Do you know what it’s like to be estranged from someone you once loved dearly? Or publicly denounced by someone you once considered a trusted friend or beloved family member?
Not so fun. As too many of us know, this kind of relationship meltdown can be painful —especially when the hope of reconciliation persists. Nearly a quarter of us are estranged from at least one family member, according to a recent HarrisX poll conducted for the Deseret News. Maybe that’s one reason that some of us have been engrossed with what’s been happening with Prince Harry, Meghan Markle and the House of Windsor.
There are bad reasons, of course, to be consumed in happenings at Buckingham Palace —from a voyeuristic fascination with tabloid-style drama to unhealthy fixations on celebrity culture. And in so many ways, the experience of the royal family is exceptional and unrelatable for those of us just trying to make ends meet. After all, we’re talking about real-life princes and princesses here — a family whose collective net worth has been estimated at $28 billion.
In other ways, though, the duke and duchess of Sussex are living out universal struggles as they grapple with the residual effects of past trauma (especially the untimely death of Harry’s mother, Princess Diana) and how to respond to tensions bubbling over in their most important family relationships.
The possibility of reconciliation always exists. But Harry and Meghan have very publicly made a different choice — one with momentous consequences for the future of their most precious relationships.
For those out of the loop, Prince Harry recently completed what The Washington Post called “a full broadside against Buckingham Palace” through interviews to promote his new book, which followed a Netflix series and an earlier interview with Oprah Winfrey.
The allegations raised range from the serious to the silly, such as Kate Middleton being reluctant to share lip gloss with Meghan and insinuations that Meghan gave better hugs. Previously, Harry and Meghan suggested that racism was influencing the royal family, which had been especially troubling to the queen. Among the more incendiary accusations recently is that members of the family have been “actively feeding negative stories to the press” and that they were effectively forced out of their roles as members of the royal family. (This, alongside some embarrassing details of a brotherly squabble from past years that left Harry on the floor after his elder brother William, the future king, “came at me.”)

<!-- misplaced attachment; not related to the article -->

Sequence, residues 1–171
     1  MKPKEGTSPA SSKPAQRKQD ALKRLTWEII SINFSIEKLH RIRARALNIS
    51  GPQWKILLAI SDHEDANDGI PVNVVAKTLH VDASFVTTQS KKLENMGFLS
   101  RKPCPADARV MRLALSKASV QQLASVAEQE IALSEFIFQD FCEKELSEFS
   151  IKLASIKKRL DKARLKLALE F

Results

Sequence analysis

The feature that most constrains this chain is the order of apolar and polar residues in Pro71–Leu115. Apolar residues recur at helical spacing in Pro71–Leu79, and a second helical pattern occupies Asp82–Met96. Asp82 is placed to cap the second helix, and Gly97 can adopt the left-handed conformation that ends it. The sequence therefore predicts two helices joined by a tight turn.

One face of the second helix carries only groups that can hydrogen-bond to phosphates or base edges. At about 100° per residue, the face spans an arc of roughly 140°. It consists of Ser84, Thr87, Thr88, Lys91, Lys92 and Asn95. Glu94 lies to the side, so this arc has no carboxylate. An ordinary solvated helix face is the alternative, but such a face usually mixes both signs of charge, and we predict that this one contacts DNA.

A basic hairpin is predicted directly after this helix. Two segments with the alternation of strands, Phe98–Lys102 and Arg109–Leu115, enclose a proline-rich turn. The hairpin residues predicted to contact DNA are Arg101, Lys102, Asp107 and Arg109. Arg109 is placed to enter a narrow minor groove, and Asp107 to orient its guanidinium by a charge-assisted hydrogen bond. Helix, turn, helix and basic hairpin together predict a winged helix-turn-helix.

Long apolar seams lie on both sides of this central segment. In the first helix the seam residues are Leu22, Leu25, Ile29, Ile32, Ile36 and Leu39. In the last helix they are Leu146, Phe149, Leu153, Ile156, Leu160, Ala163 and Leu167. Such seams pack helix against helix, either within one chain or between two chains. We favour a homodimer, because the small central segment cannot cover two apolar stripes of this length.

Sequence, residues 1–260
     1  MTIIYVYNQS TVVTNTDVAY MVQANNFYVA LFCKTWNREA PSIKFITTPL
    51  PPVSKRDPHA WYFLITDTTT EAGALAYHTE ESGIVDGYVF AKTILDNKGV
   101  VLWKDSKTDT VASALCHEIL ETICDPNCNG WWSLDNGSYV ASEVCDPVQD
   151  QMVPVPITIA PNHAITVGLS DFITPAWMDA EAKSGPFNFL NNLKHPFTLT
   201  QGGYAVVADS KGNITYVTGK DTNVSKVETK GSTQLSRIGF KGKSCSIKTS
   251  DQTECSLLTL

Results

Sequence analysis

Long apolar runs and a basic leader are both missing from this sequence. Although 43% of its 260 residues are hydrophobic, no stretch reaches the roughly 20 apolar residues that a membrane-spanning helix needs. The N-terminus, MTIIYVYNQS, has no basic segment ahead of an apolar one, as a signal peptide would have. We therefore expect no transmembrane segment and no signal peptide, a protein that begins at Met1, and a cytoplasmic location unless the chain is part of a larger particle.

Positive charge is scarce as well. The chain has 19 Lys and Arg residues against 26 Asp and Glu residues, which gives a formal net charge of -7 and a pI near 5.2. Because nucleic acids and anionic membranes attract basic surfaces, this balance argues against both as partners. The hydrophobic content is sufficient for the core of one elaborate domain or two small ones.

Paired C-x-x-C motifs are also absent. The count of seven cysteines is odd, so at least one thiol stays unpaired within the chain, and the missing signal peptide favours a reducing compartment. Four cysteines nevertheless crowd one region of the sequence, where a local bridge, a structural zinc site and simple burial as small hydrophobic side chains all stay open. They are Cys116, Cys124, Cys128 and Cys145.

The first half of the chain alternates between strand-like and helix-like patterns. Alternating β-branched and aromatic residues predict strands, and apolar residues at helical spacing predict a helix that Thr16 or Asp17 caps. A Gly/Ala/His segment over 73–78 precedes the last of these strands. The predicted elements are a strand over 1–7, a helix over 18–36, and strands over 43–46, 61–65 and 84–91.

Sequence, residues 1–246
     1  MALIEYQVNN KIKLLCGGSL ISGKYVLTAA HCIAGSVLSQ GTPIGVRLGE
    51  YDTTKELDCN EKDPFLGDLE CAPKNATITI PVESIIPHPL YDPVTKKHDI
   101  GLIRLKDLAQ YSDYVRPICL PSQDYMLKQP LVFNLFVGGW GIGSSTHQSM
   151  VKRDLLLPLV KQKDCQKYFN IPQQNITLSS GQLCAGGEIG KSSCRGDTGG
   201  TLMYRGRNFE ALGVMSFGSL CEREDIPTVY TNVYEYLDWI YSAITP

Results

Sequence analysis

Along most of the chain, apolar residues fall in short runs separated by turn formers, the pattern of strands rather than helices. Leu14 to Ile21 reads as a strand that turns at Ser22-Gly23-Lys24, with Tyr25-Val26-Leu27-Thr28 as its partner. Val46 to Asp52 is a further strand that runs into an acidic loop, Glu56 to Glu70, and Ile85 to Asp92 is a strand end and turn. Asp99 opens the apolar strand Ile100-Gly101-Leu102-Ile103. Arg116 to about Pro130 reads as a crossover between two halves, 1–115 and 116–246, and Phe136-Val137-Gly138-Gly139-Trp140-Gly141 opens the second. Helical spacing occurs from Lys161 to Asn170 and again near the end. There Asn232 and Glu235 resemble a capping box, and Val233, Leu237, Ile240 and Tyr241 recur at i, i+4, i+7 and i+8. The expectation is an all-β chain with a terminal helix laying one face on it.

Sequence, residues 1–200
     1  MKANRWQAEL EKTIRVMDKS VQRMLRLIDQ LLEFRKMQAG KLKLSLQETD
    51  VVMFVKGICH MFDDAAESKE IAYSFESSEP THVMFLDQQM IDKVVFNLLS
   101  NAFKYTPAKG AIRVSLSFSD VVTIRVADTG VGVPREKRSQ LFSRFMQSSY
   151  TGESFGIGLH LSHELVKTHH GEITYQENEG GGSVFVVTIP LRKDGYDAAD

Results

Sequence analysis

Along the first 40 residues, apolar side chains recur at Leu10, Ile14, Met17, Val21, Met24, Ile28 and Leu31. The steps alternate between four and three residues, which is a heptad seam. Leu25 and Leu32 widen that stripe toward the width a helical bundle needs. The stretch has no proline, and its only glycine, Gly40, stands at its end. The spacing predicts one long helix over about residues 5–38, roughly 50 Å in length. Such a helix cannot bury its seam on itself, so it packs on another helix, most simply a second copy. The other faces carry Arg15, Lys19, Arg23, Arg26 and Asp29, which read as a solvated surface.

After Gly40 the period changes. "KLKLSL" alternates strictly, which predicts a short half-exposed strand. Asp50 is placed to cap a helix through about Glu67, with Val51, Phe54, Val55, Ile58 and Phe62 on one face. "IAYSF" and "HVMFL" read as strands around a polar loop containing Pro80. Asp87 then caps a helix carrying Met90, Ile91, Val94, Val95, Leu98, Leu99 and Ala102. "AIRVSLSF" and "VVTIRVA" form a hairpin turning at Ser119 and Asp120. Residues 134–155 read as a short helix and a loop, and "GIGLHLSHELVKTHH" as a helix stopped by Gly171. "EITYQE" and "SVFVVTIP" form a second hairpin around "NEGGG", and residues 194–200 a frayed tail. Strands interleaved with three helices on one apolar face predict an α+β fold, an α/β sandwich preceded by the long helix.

More than sharing simple objective facts, Prince Harry has chosen what Patti Davis calls “words that cut deep, that leave a scar”— for instance, calling William an “arch nemesis.” As The Atlantic writer Helen Lewis describes it, Harry’s anger “ooze(s) out of every page” — with the publicity push reflecting the “true quality of a family quarrel, reheating decades-old grievances, and marked by an unquenchable thirst for the last word.”
In the wake of so much “toe-curling detail,” a British broadcaster and friend of the duke for 20 years, Tom Bradby, asked Harry “why he was revealing the most intense, most intimate moments of his life and laying so much of the blame at his family’s door” and why he was “burning his bridges and had deployed a flamethrower against the royal family.”
Harry’s pushback was rapid and curious: “None of anything that I’ve written is ever intended to hurt my family.” Rather, he insists his aim was simply to “give a full picture of the situation.”
However noble the couple’s true intent may be, the hurt for their loved ones in the bull’s-eye is real.
There’s a long and painful history of public denunciation of family being framed as an act of noble truth telling. At its far extreme, memoirs such as Ji-li Jiang’s “Red Scarf Girl” detail how denunciation of family members was a building block of the brutal cultural revolution in China. Closer to home, a cottage industry of podcasts and influencers essentially dedicated to denunciation has sprung up — including those on a mission to dress down a particular faith, an individual or a corporation, like Sea World.
Within the popular narrative of our day, these public denunciations are portrayed as courageous attempts to stand up to hegemonic injustice. Any resistance that arises to these brave truth-tellers is likewise framed in a predictable way. As Harry explains the pushback he’s received, “if you speak truth to power, that’s how they respond.”
In all this, Harry and Meghan are embodying a cultural trend to reject institutions and historic authority — with associated costs for our…